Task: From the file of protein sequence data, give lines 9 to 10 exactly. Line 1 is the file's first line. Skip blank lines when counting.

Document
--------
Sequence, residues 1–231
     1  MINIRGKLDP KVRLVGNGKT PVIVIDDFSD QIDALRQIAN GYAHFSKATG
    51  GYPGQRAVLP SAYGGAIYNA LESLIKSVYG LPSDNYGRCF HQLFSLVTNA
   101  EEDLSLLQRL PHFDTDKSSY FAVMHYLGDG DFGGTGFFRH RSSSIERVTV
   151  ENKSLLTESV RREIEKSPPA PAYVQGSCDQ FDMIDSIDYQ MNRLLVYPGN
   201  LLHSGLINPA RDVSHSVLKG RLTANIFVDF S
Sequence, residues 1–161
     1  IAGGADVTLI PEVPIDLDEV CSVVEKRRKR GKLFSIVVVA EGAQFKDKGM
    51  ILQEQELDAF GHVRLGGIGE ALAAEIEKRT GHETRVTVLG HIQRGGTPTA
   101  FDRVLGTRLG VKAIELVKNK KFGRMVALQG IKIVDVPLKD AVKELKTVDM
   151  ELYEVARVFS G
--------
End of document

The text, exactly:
    51  ILQEQELDAF GHVRLGGIGE ALAAEIEKRT GHETRVTVLG HIQRGGTPTA
   101  FDRVLGTRLG VKAIELVKNK KFGRMVALQG IKIVDVPLKD AVKELKTVDM